Home | License | About | FAQ

Hi, I'm Dan-O. I am a singer songwriter and I also like making instrumental music which you can use royalty free. Click here for info on licensing my music and songs for your video, photo slideshow, film, app or other media. For questions about my music see the FAQ.

Posts Tagged ‘Camera angle’

Different Types of Camera Angles and Shots with Examples

Check out this video for various types of cinematography camera angles and movement techniques.

There are lots of great examples of shots you can use in your videos and films:

)

The Basics of Camera Angles

Every independent film maker needs to know the basics of camera angles and shots, and for those that are unaware of these basics we have developed a short guide to camera angles and how to use them.

Main Type Of Shots

Long Shots: Long shots are primarily used to show your subject in its entirety. If your subject is an actor then a full body shot will provide an air of distance and make your audience feel like an outside observer.

Medium: Medium shots are from the shoulders up and can be used to convey dialogue.

Close Up: Close ups tighten in on your subject if it is an actor, you would tighten in on their head and face.

Extreme Close Up: Extreme close ups zoom in very tightly on your subject and take up the entire frame of your camera.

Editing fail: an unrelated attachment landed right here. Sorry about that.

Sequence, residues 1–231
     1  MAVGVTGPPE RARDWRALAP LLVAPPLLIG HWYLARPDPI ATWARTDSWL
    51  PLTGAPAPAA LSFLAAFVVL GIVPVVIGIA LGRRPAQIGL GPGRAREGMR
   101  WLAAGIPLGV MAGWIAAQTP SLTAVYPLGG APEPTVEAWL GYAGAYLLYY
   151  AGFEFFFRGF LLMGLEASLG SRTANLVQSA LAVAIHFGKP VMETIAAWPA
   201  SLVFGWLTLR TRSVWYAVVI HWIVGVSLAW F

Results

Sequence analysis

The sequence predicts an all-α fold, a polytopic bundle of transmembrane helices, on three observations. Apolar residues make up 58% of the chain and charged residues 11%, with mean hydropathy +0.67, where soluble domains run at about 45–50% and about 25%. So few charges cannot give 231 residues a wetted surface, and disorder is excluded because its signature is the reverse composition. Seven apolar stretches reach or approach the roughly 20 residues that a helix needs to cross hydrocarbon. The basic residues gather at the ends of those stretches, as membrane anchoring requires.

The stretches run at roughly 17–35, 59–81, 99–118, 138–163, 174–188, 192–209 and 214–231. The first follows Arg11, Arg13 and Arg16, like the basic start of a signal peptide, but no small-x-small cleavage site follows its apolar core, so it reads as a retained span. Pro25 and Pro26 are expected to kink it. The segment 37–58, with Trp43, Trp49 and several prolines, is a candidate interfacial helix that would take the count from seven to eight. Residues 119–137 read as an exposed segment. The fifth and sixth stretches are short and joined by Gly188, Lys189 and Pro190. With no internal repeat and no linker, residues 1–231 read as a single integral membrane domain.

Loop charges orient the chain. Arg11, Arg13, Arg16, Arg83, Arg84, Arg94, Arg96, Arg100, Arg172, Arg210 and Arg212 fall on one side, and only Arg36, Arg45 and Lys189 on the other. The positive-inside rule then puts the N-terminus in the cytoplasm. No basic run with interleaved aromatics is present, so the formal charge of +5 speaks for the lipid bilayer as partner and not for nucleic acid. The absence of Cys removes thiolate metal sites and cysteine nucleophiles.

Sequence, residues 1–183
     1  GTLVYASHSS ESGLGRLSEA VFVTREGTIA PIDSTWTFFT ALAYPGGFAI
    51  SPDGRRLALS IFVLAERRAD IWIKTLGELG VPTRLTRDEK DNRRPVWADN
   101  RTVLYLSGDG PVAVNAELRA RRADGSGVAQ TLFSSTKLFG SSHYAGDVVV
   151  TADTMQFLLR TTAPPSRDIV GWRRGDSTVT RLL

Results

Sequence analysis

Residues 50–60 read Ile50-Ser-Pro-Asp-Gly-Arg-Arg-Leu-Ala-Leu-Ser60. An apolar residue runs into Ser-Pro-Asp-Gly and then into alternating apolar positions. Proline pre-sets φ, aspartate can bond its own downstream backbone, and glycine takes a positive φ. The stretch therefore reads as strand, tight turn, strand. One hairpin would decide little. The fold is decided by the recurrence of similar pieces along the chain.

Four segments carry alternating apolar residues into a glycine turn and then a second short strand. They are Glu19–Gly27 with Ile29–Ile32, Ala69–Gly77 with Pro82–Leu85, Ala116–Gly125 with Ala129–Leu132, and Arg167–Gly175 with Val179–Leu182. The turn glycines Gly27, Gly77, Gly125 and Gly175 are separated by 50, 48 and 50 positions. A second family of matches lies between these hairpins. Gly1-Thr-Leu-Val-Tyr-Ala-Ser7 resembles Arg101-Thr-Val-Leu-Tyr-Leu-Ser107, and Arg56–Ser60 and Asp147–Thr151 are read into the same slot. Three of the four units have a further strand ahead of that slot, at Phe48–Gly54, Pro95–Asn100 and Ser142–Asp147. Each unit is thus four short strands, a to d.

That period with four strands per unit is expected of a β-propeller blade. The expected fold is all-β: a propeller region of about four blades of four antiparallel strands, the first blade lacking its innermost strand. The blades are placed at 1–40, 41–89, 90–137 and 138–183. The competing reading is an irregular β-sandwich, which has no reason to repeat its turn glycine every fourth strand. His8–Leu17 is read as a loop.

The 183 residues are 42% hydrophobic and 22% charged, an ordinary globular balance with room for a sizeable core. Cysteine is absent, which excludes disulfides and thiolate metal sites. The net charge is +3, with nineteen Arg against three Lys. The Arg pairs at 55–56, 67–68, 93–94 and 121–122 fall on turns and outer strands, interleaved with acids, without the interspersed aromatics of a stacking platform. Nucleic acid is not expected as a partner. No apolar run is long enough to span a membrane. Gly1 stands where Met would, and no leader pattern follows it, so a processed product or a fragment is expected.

Low angle: The low angle is placed at the feet of your subject looking up. It denotes power making your subject seem stronger or better than the object it is observing.

Bird’s Eye View Shot: This shot is perfect for showing the emotion of your character or viewing the scene from above in a god like way.

Dutch Angle: The Dutch angle is slightly off kilter and makes the scene seem uneasy and stressful.

How to move Your Camera

Now that you know the basics of camera angles you can now learn how to move your camera. For example, panning your camera from left to right communicates movement with your audience and sets up the scene. Tilting your camera up or down denotes movement and lets the audience decide for themselves what is happening in a scene. How you stand or what you use to shoot with also has a direct impact on the shot. The dolly shot is very popular and it uses a dolly to zoom in or out on your subject depending on the emotion you want your audience to feel. The crane shot also uses some added assistance by placing the camera on a crane and raising and lowering it according to the desires of the cameraman.

Why use these angles?

Different angles produce different emotions and psychology for your audience. Depending on how you move the camera, you can denote a dialogue structure, drama, suspense, or horror. Once you understand the psychology of film you can then produce movies that move your audience.


Blog | Follow | Contact | Terms | Privacy